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Feel, Feel Like

Feel, Feel like
Feel, Feel like
Feel, Feel Like
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Hello! This week on Ask a Teacher, we answer a question from Ana in Brazil about the difference between “feel” and “feel like.”


Hi guys

I’ve… learned a lot from VOA English.

I’m so grateful for helping us with our difficulties on English learning.

My question is about the use of the verb “to feel”. What’s the difference between “feel” and “feel like” and other uses of this verb? And if its use is followed by a verb plus ING.

Thank you so much in advance.

Ana Lúcia from Brazil


Thank you for writing, Ana. We're happy you learn a lot from Learning English. And I’m happy to answer your question.


The verb "feel” has many meanings in English. It can mean to experience an emotion:

I always feel thankful to my parents.

Or experience something in your body:

She felt a pain in her back.

“Feel” can mean to touch something:

I feel the rough sand under my feet.

Or to describe the weather:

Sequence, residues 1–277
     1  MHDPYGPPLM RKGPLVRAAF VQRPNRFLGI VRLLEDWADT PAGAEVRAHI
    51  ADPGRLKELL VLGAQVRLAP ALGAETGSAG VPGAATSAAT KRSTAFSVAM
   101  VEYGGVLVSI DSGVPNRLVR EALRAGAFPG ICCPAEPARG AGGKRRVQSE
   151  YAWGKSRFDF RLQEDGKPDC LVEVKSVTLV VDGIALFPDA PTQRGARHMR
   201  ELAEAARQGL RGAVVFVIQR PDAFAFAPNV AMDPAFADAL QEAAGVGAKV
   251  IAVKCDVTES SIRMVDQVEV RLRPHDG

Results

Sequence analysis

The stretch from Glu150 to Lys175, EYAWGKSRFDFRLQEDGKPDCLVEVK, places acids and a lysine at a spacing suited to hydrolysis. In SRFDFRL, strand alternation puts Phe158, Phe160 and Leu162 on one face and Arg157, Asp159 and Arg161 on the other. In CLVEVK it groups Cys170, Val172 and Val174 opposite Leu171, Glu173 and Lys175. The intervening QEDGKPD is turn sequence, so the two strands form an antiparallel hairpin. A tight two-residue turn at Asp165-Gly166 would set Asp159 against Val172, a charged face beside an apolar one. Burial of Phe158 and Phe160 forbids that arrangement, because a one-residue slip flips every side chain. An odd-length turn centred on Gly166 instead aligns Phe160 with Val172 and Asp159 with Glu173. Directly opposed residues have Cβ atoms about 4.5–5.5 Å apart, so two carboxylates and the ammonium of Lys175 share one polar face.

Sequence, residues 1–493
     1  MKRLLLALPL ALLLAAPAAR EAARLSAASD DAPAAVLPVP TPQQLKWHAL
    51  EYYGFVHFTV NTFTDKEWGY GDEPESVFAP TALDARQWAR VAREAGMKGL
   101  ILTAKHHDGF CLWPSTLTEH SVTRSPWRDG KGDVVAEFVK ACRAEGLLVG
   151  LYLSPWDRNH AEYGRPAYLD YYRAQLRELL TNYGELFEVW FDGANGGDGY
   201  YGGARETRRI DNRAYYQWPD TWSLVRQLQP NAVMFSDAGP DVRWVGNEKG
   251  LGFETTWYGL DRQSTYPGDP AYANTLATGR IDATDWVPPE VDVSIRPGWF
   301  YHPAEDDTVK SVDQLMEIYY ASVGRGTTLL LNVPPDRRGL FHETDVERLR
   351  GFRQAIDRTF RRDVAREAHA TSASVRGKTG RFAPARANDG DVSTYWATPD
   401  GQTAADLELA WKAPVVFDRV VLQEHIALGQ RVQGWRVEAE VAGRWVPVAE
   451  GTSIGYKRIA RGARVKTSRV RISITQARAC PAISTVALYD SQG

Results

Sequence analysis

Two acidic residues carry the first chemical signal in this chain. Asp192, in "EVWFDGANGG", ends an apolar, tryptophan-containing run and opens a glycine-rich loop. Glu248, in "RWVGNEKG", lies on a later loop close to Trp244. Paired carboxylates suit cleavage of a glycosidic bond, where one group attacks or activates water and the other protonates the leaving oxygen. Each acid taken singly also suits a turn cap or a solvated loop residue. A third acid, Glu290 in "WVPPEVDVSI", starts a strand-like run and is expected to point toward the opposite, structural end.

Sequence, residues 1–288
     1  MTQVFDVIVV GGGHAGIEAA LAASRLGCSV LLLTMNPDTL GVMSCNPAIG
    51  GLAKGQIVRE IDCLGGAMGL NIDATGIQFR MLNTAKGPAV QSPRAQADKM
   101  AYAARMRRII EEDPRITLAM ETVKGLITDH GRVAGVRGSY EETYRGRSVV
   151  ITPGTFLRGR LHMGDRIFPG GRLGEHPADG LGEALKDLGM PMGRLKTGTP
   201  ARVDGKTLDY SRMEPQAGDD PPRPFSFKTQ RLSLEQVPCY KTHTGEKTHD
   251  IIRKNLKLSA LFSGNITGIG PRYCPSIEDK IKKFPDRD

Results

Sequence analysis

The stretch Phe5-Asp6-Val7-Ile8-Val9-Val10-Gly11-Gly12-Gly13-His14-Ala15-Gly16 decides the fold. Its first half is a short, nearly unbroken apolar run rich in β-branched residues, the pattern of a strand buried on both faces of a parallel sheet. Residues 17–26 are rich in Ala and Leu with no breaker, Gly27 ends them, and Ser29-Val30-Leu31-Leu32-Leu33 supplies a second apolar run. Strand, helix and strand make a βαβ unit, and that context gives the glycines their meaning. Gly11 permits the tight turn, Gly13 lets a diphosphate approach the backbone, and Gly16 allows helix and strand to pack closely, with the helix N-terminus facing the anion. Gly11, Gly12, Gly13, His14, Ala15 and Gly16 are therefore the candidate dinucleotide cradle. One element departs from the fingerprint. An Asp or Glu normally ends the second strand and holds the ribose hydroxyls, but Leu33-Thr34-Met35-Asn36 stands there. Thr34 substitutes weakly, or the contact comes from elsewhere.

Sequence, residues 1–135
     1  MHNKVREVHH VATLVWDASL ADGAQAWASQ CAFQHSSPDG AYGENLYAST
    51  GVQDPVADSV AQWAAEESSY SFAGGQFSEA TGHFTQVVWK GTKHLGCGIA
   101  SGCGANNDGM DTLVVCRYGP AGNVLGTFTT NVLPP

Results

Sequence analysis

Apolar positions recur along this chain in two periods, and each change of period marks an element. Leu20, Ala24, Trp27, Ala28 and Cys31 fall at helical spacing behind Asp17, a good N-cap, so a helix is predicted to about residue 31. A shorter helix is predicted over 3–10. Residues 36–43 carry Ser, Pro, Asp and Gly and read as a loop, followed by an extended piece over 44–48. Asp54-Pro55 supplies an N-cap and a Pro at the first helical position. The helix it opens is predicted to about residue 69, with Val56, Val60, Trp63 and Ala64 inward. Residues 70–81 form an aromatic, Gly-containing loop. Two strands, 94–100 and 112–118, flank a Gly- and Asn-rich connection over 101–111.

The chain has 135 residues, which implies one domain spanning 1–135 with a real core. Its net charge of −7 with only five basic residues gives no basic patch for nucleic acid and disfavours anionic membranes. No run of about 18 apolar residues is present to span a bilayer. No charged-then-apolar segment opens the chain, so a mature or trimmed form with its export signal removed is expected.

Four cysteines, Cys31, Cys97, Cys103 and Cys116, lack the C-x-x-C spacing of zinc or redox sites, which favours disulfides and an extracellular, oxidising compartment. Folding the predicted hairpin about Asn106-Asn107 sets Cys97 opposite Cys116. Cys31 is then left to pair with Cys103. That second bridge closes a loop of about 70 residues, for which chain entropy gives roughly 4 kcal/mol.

It feels cold outside.

“Feel” can also show an opinion:

Do you feel strongly about the situation?

He feels sure we are right.

Feel like

"Feel like” is a phrasal verb. We often use "feel like” in a sentence to go with (someone or something) and (doing something).

“Feel like” someone or something means that you are similar to the person or thing:

My feet feel like blocks of ice.

Maria feels like her mother.

“Feel like” doing something means that you want to do it. This is when the verb is often followed by –ing.

Jose feels like eating ice cream.

She feels like watching a movie.

Sometimes, “feel like” can be used in this way without -ing:

Jose feels like ice cream.

She feels like a movie.

It is understood that he wants to eat ice cream or that she wants to watch a movie.

And we also use “feel like” to show an opinion:

I feel like this isn’t a good idea.

We hope this explanation helps you, Ana.

Do you have a question about American English? Send us an email at

And that’s Ask a Teacher.

I’m Gena Bennett.

Gena Bennett wrote this lesson for VOA Learning English.


Words in This Story

gratefuln. thankful

advancen. forward in time